BACKGROUND: The origins of the distinctive Shako has been somewhat shrouded with the passing of time with some military historians accrediting the French with its development in the 1780's, based on the design of the civilian top hat, while others acclaim that it was based on the Austro-Hungarian or Bavarian Casquette headgear that was introduced at roughly the same time. It is known, however, that the Shako was originally adopted by the Prussian army as a experimental model in 1801 and was the standard headgear utilized by Jäger and Schützen personnel during the Napoleonic Wars. The 1801 pattern shako went through numerous modifications and in March 1854 a new pattern was officially adopted by Jäger and Schnelle Truppen, (Light Infantry and Mobile Troops). Further minor modifications to the Shako occurred in 1860, 1888, 1891, 1892, 1895, 1897, and 1915. On June 17TH 1936, Reichsführer-SS Heinrich Himmler was appointed to the newly created position of Chef der Deutschen Polizei im Reichsministerium des Innern, (Chief of the German Police in the National Ministry of the Interior), effectively giving him full control of all police agencies within Germany. As a result of this appointment and the restructuring of all the separate German state police into a single national police force new regulations were instituted on June 25TH 1936 to bring about uniformity in dress for all police through-out the country. One of the new dress regulations introduced a slightly modified version of the Shako for wear by all civil police personnel with minor variations. The minor variations included brown vulcanfibre Shako fittings for either Gendarmerie, (Rural Police), or Polizeibeamten, (Police Officials), personnel and black vulcanfibre Shako fittings for the Ordnungspolizei (Order Police), the Schutzpolizei, (Protection Police), and Gemeindepolizei, (Local Municipal Police). NCO ranks utilized the appropriate colored leather chinstraps while officers ranks of Polizei-Leutnant up to Polizei-Oberst utilized silver/aluminum "lobster tail", chinstraps and Generals ranks of Generalmajor to Generaloberst der Polizei utilized gilt "lobster tail", chinstraps Of Note: Police Officers holding the rank of Polizei-Leutnant to Generaloberst der Polizei were responsible for purchasing their own uniforms and headgear and could purchase them through the SS-Kleiderkasse, (Clothing Account), system which was originally established in Munich in 1935. The Officers were allotted a one time clothing allowance from the government with the amount varying depending on the individuals rank. The ranks of Polizei Unterwachtmeister to Polizei-Obermeister were issued their uniforms and headgear although they could also choose to purchase privately tailored items of higher quality although the price may have been restrictive. Also Of Note: The German Police had no enlisted ranks with the lowest rank being an Unterwachtmeister which was equivalent to the German army rank of Unteroffizier.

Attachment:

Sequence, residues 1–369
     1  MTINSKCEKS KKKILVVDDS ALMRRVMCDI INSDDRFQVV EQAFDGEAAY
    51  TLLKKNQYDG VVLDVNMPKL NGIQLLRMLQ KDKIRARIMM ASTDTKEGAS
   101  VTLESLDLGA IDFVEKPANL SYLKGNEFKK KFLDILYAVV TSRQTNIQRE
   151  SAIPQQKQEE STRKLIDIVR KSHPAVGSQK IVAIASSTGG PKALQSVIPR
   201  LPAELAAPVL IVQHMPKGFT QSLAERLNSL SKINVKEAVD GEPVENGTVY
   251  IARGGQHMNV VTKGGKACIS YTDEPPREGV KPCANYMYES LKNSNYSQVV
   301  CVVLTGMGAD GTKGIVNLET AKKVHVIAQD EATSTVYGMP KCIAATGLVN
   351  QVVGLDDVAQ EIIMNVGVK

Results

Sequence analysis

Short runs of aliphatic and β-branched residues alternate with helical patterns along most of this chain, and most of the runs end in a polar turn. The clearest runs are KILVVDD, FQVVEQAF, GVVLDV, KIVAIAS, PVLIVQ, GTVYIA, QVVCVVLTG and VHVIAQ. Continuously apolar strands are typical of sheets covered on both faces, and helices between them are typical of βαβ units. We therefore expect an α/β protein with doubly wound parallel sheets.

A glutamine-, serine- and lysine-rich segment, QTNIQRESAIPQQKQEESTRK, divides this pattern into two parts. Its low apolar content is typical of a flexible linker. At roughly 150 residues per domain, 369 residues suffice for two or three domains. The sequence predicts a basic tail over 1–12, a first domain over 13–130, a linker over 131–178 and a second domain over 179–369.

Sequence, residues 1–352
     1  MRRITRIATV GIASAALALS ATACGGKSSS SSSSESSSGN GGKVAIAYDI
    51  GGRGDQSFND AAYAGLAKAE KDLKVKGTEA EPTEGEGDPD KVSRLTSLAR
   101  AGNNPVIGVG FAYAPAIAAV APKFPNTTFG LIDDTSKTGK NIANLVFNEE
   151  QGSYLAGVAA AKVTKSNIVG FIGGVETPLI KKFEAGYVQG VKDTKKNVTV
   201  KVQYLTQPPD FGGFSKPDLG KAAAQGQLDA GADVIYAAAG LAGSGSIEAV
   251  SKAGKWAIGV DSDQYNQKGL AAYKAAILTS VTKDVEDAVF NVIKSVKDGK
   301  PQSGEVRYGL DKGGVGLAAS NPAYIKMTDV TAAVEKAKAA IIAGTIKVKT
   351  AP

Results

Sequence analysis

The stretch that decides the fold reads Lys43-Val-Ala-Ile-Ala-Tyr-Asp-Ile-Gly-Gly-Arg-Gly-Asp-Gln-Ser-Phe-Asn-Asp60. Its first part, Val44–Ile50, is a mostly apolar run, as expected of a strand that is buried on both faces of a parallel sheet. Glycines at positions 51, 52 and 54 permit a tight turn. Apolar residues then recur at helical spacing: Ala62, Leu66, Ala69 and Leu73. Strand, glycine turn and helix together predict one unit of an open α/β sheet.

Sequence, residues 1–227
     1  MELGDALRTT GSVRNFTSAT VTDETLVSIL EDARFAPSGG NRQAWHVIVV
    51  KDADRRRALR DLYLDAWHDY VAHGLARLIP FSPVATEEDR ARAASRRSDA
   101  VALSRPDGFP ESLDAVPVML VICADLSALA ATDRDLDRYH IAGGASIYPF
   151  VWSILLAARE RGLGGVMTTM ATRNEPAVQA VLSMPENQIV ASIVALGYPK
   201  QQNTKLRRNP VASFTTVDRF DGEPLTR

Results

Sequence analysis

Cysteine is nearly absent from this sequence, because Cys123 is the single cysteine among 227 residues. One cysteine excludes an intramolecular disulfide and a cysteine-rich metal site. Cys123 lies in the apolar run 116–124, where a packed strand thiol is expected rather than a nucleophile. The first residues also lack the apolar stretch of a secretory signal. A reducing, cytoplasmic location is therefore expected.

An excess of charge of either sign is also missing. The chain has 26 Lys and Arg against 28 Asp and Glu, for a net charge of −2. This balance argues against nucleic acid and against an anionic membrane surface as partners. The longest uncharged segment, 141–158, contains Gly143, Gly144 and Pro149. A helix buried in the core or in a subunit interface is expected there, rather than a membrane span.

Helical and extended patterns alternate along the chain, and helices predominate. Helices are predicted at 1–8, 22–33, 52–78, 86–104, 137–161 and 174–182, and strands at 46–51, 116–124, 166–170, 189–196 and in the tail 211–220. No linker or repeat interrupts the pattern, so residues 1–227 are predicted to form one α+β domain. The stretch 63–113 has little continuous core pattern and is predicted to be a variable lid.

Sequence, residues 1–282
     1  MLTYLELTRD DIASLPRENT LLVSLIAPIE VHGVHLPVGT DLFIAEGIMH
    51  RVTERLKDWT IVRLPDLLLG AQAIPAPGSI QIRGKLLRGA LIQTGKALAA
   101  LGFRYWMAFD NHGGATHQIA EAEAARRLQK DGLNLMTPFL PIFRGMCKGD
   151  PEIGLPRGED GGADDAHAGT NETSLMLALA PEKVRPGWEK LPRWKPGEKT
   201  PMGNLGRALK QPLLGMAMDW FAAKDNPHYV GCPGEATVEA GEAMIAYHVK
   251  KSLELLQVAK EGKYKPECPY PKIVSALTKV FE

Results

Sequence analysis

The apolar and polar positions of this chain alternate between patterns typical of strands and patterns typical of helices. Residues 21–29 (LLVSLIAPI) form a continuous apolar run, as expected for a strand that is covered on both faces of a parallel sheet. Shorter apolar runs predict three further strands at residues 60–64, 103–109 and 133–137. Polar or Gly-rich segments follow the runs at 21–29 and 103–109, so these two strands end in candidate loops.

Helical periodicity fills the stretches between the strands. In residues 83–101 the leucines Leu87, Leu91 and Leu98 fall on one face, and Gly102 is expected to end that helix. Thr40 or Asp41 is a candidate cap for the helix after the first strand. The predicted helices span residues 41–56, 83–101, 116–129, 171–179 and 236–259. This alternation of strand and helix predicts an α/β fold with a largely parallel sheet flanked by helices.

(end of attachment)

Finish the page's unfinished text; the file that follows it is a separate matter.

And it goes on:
PHYSICAL DESCRIPTION: Excellent quality, private purchase, 1936 pattern, Gendarmerie, (Rural Police), officer’s Shako consisting of a molded vulcanfibre body with a police green wool covering to the exterior. The body of the Shako has an extruding, humped curve reverse with a mid-brown lacquered, downward sloping front and rear vulcanfibre visors and a circular "coffee can" style top. Both the front and rear visors are secured to the Shako by a narrow horizontal strip of mid-brown lacquered leather which is machine stitched all along the bottom edge. The circular, mid-brown lacquered vulcanfibre, "coffee can", style top is also secured to the Shako by a row of horizontal stitching running through small, evenly spaced, puncture holes. Each side of the Shako body has two, small, screened ventilation holes situated just below the crown seam, with internal, sliding, vent closure panels permitting the forward vent to be closed. The front center of the Shako has a large, two piece officer’s, high relief, stamped, natural aluminum, second pattern, (Circa June 1936-May 1945), wreathed, Police eagle emblem with outstretched wings, clutching a wreathed, canted swastika in it’s talons. The eagle shows nice detailing and is nicely convexed to fit the contours of the Shako. The eagle and wreath are still quite clean and bright. The eagle is secured to the Shako by two split pin retaining tabs with original washers. The front center of the Shako also has a small, stitch reinforced, horizontal slash to accommodate the national tri-color cockade retaining wires. The Shako has officer’s pattern, vertically oval, national tri-color cockade is silver bullion wire and black fabric. Mint set of officer’s pattern aluminum chinscales. Full, mint leather sweatband and original two piece silk liner. The interior crown of the Shako has a printed manufacturer’s label with in black and red with off-white script that includes the manufacture’s name and location, "Robert Lubstein Berlin No 55", and, "Ges. Gesh Fibermarke". Nice large size, roughly a "60". Superb!

GRADE ****1/2                             PRICE $2,595.00

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